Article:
Twenty-two firefighters were the first to respond to the fire that broke out in a Chattogram depot in Sitakunda.
Most of them never made it back.
Now, a day after, large, black plumes of smoke from the flaming container depot still dominate the skyline. Every now and then, an explosion can still be heard.
Death and despair hang heavy in the air, with the pungent smell of chemicals wafting around, covering other, darker, smells.
A few firemen stand watching the blaze on Sunday.
After the fate of the first two teams, they have been asked to maintain their distance.
For them, there are no heroes here. Only survivors and victims: people who don't currently want the eulogising.
Their helplessness also weighs heavily on them.
"I have been working as a firefighter. I took part in extinguishing more than 350 fires in Chattogram. But this is the first time when I am just standing and watching the blaze. There isn't anything we can do," Shafiqul Islam, station officer of Chattogram Agrabad Fire Service Station, says.
He is standing in front of the blaze, the heat of which can be felt even from a distance, his eyes glued to the fire.
"There are chemicals in the container. We cannot approach the fire and no amount of water can help," he adds.
Shafiqul was among the second batch of firefighters to arrive on the scene. Many among the team from Kumira station, which arrived first, had been injured in the blasts.
Another firefighter, Amar Nath, is seen taking rest, the exhaustion writ on his face.
Pointing to the fire, he says, "There is a difference between a normal fire and a chemical fire. A chemical fire burns blue. Many of our fingers have turned white because of the blaze. Many have become ill. Right now, we have nothing to do."
Into the unknown
When news of the fire spread, two firefighting units from Kumira fire station of Sitakunda rushed to the spot.
At the time, however, fire service officials were not informed of the chemicals stored in the depot.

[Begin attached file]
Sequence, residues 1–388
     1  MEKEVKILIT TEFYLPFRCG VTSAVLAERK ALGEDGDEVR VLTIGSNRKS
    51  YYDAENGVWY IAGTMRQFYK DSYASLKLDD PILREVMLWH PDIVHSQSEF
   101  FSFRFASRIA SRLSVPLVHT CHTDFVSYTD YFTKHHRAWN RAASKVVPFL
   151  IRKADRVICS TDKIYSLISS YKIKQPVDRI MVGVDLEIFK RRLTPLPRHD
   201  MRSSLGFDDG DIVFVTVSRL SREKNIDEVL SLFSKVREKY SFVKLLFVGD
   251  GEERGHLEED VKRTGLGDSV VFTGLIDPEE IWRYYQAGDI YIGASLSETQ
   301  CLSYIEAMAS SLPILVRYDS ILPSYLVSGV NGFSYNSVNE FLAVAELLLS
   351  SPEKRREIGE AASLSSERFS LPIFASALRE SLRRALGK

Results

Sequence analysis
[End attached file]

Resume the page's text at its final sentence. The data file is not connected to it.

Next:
All they knew was that they were called to douse a fire at a "garments depot", officials of the Chattogram Fire Service and Civil Defence claimed.
"We were told that a ready-made garments factory has caught on fire. Thus, our team started dousing the fire without taking enough precautions," said Nandankanan Fire Service Senior Officer Shahidul Islam.
"Since there was no information of any chemical presence there, the first group of fire-fighters was faced with an unexpected explosion," he said, adding that at least five firefighters have lost their lives in the deadly blast.
The team had come in and sprayed water to tame the inferno. Unknown to them, some of the containers carried chemicals, including hydrogen peroxide.
Hydrogen Peroxide is known to be a powerful oxidising agent. If it comes into contact with certain organic compounds, explosive vapours can form. Although not immediate flammability, it does generate significant amounts of oxygen when it begins to decompose which might in turn, trigger or support combustion.
"We didn't know what type of combustible materials are kept in the containers. This is why we needed the depot owner or anyone else from their side as different chemicals behave and react differently," Bangladesh Fire Service and Civil Defence Director General (DG) Brig Gen Md Main Uddin would say at a press briefing on Sunday.
"Two firefighting units rushed to the scene within five minutes of the incident. After that, some 25 units from 15 stations including Feni, Laxmipur and Cumilla joined the efforts to bring the fire down," he added.
While the world was burning down, the depot owner, whose information could save many lives, could not be located.
Soon, some of the containers exploded, spewing debris. The explosions also shattered the glasses of many of the trucks parked nearby.
The firemen were close to the fire before huge explosions reportedly shattered the windows of several buildings nearby and were felt from areas as far as four kilometres away.